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which digital SLR will produce files at least 25MB?

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i have to make a choice, between a powerbook g4, a really great neg scanner capable

of scanning up to at least medium format OR a great digital SLR. i currently use nikon

but i am open here. i plan on shooting stock images and they need files at least



any suggestions?



member asmp and saa

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That is a simple calculation. Every pixels is 3 bytes. (using 8 bit per pixel) For 25Mb, you thus need 25/3 megapixels, which is 8.3. This means you will be looking at a 10MP model like the Canon EOS 1Ds or Kodak DCS14n, which is 14MP, but really not a general purpose camera, only use it when you have the time!


Really, you are getting ripped off here. The 25MB is based on scans from slides. Because a digital SLRs pixel are much cleaner (the image is the original, not a copy!) a 6MP model like the EOS 10D, or even a high quality 4MP model is enough to give the same size prints.


If you just enlarge (interpolate) the image to 25MP, they will never know the difference! ;-)

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<H2>Is this true???</H2>


Do stock agencies really specify their requirements by <B>FILE SIZE</B>, instead of my more logical standards such as resolution, pixel depth, file format, etc. A 25MB JPEG file, a 25MB black and white file, and a 25MB 16 bit/channel TIFF file are all very different animals!

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I have seen it many times, printers, magazines, graphics design studios, etc. ask for file sizes. I guess this is based on the actual number of pixels times 24 bits per pixel, RGB.


Another good one is specifying the files hould be 300dpi, without specifying how many inches they intend to publish it at.


I guess these are just the standard answers the front line people are trained to give, I am sure the people actualy working with your images are smarter than that.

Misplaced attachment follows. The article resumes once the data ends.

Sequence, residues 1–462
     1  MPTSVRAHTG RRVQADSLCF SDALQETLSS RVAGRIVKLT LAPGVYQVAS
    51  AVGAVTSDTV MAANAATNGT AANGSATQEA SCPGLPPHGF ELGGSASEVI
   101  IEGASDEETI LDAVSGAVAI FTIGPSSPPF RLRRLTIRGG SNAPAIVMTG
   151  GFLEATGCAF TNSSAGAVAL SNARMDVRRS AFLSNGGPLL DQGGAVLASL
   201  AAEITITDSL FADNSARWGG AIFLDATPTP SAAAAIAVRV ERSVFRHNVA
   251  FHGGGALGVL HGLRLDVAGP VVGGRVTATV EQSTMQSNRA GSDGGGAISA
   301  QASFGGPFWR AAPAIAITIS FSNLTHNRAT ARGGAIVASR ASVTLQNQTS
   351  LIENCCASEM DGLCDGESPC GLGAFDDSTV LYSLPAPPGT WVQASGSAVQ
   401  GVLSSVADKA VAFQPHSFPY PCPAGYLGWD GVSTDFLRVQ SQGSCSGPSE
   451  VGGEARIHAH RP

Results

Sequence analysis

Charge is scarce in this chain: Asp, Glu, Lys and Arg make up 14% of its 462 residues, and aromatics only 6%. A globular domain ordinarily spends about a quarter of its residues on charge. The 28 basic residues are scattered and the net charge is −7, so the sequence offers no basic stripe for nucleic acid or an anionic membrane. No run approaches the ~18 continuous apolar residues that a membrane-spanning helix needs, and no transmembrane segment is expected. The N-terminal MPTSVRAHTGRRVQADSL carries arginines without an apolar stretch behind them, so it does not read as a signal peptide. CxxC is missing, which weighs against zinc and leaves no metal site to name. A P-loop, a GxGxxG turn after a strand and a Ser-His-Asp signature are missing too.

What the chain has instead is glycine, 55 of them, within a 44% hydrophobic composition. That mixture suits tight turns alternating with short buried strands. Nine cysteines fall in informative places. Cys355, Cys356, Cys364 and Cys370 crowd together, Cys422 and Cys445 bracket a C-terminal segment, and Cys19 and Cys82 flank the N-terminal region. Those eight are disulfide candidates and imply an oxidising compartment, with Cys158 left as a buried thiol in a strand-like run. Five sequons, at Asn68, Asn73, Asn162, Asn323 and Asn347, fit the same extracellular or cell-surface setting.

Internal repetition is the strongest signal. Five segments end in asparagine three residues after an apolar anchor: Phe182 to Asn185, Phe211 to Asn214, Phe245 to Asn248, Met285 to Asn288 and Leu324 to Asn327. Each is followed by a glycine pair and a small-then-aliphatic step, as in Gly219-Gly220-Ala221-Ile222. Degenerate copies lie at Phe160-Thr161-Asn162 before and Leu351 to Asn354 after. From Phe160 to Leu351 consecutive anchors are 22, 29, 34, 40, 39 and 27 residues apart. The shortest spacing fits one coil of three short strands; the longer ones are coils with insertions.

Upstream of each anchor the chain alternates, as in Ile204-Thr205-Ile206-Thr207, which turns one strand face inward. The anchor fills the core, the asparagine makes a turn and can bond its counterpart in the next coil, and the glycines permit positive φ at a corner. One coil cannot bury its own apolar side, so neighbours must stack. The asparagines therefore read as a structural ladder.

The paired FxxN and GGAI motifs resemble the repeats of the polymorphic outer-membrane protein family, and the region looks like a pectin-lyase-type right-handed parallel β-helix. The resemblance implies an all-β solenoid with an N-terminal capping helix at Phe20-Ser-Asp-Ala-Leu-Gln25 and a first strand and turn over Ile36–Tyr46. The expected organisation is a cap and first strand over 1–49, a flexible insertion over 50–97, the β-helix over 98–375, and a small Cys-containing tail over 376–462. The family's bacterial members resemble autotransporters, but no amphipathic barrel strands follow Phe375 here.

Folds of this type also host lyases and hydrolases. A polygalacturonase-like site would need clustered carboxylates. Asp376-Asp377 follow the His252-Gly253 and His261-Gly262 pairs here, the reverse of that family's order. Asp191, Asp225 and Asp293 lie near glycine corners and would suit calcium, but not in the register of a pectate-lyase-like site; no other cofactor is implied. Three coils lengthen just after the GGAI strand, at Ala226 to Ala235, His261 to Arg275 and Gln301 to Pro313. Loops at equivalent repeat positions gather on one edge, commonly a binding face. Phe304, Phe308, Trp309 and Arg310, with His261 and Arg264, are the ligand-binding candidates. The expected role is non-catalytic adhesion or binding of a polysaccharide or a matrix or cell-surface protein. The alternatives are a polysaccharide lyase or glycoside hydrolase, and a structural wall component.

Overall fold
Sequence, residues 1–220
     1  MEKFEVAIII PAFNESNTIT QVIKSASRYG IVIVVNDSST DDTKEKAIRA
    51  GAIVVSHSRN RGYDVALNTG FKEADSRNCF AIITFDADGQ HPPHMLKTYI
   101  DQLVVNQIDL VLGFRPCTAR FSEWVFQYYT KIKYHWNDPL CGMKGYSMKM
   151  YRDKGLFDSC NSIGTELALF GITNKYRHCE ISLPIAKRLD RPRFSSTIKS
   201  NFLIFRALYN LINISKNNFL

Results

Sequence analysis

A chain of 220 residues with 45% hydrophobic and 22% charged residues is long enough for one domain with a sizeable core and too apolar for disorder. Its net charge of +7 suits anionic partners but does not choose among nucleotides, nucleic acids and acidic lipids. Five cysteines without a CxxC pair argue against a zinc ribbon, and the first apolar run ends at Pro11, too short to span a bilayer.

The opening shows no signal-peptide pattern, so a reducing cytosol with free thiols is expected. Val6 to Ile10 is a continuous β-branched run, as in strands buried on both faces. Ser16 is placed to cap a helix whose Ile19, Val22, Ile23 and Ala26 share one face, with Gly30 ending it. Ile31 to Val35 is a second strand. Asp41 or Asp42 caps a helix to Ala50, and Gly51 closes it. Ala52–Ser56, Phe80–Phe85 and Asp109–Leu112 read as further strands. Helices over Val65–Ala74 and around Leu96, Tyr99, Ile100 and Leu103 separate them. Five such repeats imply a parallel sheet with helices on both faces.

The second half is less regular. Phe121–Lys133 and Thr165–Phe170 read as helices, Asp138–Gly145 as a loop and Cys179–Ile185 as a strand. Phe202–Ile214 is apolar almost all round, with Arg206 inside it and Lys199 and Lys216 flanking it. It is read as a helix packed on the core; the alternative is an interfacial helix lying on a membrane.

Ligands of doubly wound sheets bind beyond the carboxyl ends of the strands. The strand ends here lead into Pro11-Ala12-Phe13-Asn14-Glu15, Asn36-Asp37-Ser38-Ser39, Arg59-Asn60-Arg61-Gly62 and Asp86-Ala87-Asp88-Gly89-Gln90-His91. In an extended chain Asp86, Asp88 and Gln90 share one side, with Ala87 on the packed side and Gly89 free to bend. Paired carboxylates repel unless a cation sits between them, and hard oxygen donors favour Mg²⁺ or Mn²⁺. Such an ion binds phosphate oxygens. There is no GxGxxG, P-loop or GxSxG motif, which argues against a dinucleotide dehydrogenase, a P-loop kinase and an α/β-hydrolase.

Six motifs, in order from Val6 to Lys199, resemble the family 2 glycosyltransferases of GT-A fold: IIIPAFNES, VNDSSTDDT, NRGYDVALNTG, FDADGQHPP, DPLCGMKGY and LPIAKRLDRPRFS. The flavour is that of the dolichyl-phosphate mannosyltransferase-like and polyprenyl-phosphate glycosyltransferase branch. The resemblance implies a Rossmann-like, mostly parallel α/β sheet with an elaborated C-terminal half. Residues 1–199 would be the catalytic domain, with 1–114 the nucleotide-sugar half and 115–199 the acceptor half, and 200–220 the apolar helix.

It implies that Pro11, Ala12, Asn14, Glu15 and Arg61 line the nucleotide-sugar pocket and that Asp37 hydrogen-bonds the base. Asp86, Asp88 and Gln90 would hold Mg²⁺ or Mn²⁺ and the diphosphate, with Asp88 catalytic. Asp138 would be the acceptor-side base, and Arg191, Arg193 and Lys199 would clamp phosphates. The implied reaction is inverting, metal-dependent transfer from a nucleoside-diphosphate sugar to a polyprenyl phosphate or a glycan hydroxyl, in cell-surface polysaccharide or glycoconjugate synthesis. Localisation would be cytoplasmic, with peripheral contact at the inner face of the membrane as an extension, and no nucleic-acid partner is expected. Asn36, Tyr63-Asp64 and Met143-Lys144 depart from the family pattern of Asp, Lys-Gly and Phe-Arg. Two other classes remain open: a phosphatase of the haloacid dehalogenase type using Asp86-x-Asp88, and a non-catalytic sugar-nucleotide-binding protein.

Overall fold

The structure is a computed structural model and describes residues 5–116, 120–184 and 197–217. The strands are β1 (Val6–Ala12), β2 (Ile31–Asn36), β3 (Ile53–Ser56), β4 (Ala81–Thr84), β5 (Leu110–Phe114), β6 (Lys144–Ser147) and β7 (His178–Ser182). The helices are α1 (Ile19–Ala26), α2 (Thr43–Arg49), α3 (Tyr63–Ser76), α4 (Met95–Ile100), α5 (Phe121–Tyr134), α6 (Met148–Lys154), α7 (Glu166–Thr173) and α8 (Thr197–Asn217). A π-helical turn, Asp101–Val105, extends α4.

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My 10D, 6mp dslr, when shooting raw converted to 16-bit TIFF

creates a 36MB file. Also my G2, 4MP point and shoot, will create

a 22.2MB, 16-bit TIFF. Or any 5MP camera will create a 16-bit

TIFF file of over 28MB.


So, it seems file size alone is not a good indicator of the quality

of an image. At least to me.

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<i>Do stock agencies really specify their requirements by FILE SIZE</i><p>


Yes. That's what I get asked for, both for stock and advertising. Editorial too, but the requirements are so low it doesn't matter.<p>


I have to assume they know what they're doing, rather than what you or any other photographer might suggest. They're the ones printing the stuff, and they know what they want. That's all that matters.

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There is some sense in specifying file size, assuming you know all the other parameters, leaving those out is just silly and leaves people guessing.


So just saying "25MB" isn't enough. Specifying "an uncompressed 24bpp file of 25mb" does make sense, as you can work out what pixel sizes you need for that.

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A magazine, catalog or anything printed in offset requires 32 to

34 Mb files in CMYK not RGB. Because digital output is ripped to

negatives or plates in CMYK. TIFF images usually. never jpg. so

a 25MB RGB is the same as the 32MB CMYK.

A D100 will deliver about 16MB RGB files=21.3MB, while a 10D

will deliver a 19MB RGBfile=25.3MB. And as digital pixels are

much cleaner than a film scanns both will deliver good quality for

a full page print.

Canon 1Ds is for much larger offset prints like tabloid sizes or

poster sizes.

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Normally uncompressed file sizes are used in conversions when printing; usually RGB 8 bits. If your printer needs CMYK; then the file size is 4/3 larger. If you have 12 and 14 bits per channel; this is fine too. One tends to think in uncompressed RGB megapixels per square foot of giant poster; or megabytes; even if this seems abit weird to the non printer. When one has alot of jobs in the Q of the RIP; it is good to know which ones are well sized; and which ones are "RIP HOGS". Sometimes people will resize images; such they clog up the RIP; and dont add any extra visual detail in the print. This is bad practice; but happens when people dwell on file sizes; instead of actual quality of the image.
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